I’ve been listening to the magnificent album The Kinks are the Village Green Preservation Society a lot recently, sometimes as much as a few times a week. I have come to regard it as sort of a performance piece — like a short play for the ears that I can enjoy wherever I am whether through the magnificent cigarette pack sized iPod or, more properly, spinning thirty three and a third revolutions per minute. It is a brilliant thirty-nine minutes performance although it usually feels longer than that, particularly when you think about the words being sung.

I got the idea to listen to the album initially because I have been reading books in the 33 1/3 book series. The books each go into great detail about a single album — often one that was not particularly popular when it first came out.

Every song on the album ties together with other songs on the album, making it one solid masterpiece of an audio experience. From the opening piece, “The Village Green Preservation Society”, we get an immediate feel for what sort of performance we are to be receiving. Here is the band playing that lead track on television in 1972.

Just a little different than how it appears on the 1968 album but quite excellent, I think. The words themselves are magnificent.

We are the Village Green Preservation Society
God save Donald Duck, Vaudeville and Variety
We are the Desperate Dan Appreciation Society
God save strawberry jam and all the different varieties
Preserving the old ways from being abused
Protecting the new ways for me and for you
What more can we do

In the second song — “Do You Remember Walter?” — the singer takes us into the depths of a good friendship. We can relate to it, having had friendships like this in our own lives.

Do you remember, Walter, playing cricket in the thunder and the rain?
Do you remember, Walter, smoking cigarettes behind your garden gate?
Yes, Walter was my mate,
But Walter, my old friend, where are you now?

As we listen to song after song, the imagery of the quaint village green comes together. On what concludes Side A of the record, “Sitting By the Riverside,” the singer expresses what a simple pleasure it is to just sit by the riverside and to enjoy the water flow. The difference in how artists write with the sides of a record in mind versus a never ending stream of music files is interesting, as a side note. Knowing you are segmenting blocks of music together and keeping them in a framework is impressive to me.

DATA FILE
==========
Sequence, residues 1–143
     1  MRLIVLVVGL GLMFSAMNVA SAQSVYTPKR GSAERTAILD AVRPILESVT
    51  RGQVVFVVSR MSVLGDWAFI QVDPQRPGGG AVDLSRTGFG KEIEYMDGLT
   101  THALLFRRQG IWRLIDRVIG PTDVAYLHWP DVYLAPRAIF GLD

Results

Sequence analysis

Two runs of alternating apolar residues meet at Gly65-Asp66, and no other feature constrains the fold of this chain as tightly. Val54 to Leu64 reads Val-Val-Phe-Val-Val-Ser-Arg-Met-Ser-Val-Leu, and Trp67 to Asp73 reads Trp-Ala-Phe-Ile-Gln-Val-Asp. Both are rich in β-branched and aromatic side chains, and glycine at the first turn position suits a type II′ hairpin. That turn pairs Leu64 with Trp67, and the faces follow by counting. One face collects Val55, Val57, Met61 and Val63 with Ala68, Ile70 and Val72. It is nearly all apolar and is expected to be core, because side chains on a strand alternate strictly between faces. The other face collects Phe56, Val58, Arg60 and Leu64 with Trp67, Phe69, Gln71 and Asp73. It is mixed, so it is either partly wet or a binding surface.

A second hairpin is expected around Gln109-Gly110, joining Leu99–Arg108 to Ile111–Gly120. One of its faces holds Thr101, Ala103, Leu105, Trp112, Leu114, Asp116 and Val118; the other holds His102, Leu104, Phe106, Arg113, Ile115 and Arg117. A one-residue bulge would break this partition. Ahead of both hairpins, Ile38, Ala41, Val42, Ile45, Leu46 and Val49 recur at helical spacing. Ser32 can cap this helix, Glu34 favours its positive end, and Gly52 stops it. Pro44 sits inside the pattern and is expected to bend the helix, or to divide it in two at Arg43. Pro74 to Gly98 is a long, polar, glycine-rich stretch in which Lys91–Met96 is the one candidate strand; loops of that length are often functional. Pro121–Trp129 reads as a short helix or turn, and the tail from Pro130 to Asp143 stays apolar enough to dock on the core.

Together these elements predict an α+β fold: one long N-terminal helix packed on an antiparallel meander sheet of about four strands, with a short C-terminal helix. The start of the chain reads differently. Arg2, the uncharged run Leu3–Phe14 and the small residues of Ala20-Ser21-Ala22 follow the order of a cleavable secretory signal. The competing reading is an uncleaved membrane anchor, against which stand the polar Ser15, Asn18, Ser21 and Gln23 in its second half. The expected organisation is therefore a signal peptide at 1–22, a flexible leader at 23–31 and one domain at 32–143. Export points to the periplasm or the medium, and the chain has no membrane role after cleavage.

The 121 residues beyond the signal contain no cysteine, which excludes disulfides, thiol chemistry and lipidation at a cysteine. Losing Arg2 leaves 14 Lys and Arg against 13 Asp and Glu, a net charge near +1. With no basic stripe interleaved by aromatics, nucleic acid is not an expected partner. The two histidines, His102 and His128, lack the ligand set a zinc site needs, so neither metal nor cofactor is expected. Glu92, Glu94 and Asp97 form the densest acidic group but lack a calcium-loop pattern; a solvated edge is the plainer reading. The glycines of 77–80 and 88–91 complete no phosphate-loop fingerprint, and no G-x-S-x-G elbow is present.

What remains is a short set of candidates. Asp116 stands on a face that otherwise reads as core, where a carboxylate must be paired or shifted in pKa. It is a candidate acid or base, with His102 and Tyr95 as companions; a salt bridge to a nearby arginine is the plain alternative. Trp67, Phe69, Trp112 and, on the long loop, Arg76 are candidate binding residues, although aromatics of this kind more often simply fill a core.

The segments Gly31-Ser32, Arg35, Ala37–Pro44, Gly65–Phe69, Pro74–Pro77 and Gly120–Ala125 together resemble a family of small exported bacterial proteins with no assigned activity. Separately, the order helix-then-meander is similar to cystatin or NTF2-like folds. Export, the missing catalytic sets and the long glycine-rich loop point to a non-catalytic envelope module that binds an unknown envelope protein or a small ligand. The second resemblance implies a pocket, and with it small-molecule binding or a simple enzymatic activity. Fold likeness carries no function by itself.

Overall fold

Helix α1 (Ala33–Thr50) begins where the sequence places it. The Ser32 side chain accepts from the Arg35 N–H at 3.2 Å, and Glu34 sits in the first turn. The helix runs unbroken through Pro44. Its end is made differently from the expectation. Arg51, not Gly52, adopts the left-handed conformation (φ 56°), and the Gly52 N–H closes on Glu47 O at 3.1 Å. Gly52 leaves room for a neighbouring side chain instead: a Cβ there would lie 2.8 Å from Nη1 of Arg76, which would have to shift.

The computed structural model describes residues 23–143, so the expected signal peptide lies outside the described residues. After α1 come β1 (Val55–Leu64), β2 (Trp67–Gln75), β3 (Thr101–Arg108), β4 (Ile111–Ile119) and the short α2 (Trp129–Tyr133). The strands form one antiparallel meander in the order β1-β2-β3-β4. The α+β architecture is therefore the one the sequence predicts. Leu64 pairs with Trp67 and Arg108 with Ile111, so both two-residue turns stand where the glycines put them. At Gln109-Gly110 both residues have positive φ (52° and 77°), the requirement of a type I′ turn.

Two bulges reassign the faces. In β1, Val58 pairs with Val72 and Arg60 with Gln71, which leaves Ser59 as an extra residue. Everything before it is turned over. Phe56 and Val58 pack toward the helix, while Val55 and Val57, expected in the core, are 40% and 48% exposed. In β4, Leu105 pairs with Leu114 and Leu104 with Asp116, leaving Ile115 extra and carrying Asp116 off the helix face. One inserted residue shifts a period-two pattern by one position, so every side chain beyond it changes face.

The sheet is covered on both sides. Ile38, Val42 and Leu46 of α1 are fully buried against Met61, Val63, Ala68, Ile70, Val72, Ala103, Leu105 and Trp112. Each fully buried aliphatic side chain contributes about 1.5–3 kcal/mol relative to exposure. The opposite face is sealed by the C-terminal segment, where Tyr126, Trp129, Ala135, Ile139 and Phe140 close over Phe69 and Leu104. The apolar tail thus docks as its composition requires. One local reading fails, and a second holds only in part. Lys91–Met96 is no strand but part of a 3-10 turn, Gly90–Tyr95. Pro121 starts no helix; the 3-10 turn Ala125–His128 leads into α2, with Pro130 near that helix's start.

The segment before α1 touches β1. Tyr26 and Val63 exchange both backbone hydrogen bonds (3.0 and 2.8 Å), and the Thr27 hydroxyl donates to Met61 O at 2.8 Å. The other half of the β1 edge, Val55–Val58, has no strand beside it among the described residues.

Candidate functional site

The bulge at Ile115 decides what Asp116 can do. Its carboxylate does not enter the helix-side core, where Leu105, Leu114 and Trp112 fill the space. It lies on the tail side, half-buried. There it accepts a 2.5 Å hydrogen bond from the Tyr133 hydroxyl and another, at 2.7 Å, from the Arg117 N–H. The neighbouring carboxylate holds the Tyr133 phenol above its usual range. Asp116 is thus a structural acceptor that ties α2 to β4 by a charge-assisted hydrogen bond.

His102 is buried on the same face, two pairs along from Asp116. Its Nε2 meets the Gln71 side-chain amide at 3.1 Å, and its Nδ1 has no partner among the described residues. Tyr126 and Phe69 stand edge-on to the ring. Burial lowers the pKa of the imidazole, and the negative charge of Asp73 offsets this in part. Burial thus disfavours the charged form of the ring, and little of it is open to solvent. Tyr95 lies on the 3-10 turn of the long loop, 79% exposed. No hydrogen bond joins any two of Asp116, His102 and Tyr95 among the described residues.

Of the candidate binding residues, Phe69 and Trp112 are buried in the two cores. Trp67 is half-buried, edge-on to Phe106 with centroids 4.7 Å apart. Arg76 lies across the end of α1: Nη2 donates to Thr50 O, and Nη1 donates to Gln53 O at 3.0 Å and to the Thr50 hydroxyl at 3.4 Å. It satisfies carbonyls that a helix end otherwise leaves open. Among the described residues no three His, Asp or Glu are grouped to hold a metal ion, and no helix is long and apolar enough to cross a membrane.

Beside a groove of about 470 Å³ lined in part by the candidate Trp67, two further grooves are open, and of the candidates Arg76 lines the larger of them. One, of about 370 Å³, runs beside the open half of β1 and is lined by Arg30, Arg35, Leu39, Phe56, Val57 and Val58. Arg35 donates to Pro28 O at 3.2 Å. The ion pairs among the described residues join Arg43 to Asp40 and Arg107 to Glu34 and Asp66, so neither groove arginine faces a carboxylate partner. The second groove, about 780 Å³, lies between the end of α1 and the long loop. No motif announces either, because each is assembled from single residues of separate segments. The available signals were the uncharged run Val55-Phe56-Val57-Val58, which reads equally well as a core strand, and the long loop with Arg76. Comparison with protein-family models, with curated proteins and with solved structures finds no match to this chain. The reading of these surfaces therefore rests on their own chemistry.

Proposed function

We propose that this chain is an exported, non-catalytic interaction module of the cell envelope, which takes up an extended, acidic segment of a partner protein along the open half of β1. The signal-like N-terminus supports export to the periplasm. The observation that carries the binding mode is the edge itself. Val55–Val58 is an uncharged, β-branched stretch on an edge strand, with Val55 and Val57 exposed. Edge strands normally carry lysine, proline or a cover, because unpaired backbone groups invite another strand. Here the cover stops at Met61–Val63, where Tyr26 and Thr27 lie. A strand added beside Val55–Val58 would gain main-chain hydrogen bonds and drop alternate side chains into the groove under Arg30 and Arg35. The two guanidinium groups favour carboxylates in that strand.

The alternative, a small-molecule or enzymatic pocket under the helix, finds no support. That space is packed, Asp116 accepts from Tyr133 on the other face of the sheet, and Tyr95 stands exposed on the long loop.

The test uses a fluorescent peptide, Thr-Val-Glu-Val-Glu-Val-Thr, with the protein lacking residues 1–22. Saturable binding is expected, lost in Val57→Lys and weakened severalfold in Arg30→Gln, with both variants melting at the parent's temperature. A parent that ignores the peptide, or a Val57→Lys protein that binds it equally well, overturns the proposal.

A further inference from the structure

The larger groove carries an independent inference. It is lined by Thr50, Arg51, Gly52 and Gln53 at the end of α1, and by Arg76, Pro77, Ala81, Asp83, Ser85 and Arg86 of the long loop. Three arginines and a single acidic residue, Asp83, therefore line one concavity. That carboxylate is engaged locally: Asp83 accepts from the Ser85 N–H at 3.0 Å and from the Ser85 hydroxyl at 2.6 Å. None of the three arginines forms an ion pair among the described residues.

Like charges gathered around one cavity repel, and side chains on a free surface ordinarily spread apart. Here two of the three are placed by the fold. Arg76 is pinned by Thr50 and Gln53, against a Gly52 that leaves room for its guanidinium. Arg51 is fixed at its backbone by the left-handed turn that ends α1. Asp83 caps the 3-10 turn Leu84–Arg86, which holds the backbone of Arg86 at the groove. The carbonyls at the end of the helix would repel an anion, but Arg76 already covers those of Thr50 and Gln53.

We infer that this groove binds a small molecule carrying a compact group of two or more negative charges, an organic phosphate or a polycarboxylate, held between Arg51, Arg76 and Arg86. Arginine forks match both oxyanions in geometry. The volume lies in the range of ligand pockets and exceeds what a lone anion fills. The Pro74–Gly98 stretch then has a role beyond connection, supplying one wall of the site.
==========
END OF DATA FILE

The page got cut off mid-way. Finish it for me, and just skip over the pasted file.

I would like to recommend the album if you have a chance to get it, iTunes or otherwise. Bring the greatness of these forty minutes into your life and have your own performance to go.


  1. I love the argument that an album can be a performance piece, Gordon.

    I don’t know if we’ll ever recover the musical brilliance of the recording industry in the 1970’s. Some great music was being written and performed back then and the idea of a an album as an entire entity — and not just a collection of unrelated, individual, songs — became the the standard.

    We’ve lost that standard today.

    1. David,

      It does happen now and again, but it is only through the perseverance of individual artists who want to make such beautiful albums. See, for example, “The Aeroplane Over The Sea” by Neutral Milk Hotel.

      Coheed and Cambria are a group that are dedicated entirely to this principle — each album is cohesive and makes part of a terrific storyline but these are exceptions to the rule — the sad collection of unrelated individual songs.

      1. I’m talking about mainstream popular acceptance of a concept album — like “Dark Side of the Moon” released in 1973 — that is still selling tons of copies today.

        I can’t think of a mainstream, popular, equivalent in the past 20 years, can you? Maybe Michael Jackson’s “Thriller” album in 1982, but isn’t as cohesive as “Dark Side of the Moon” where the whole album is tied together as “one song.”

        1. I honestly can’t think of one, David! It’s that mainstream popular part that gets me. Sadly, what is mainstream and popular is not the same as what is actually good.

          1. I agree! There was, however, a time in our musical history when the best, most fascinating, and most everlasting music was mainstream popular and Top of the Charts. Unfortunately, that isn’t happening today. The fleetingness of Rap and Hip-Hop killed it all.

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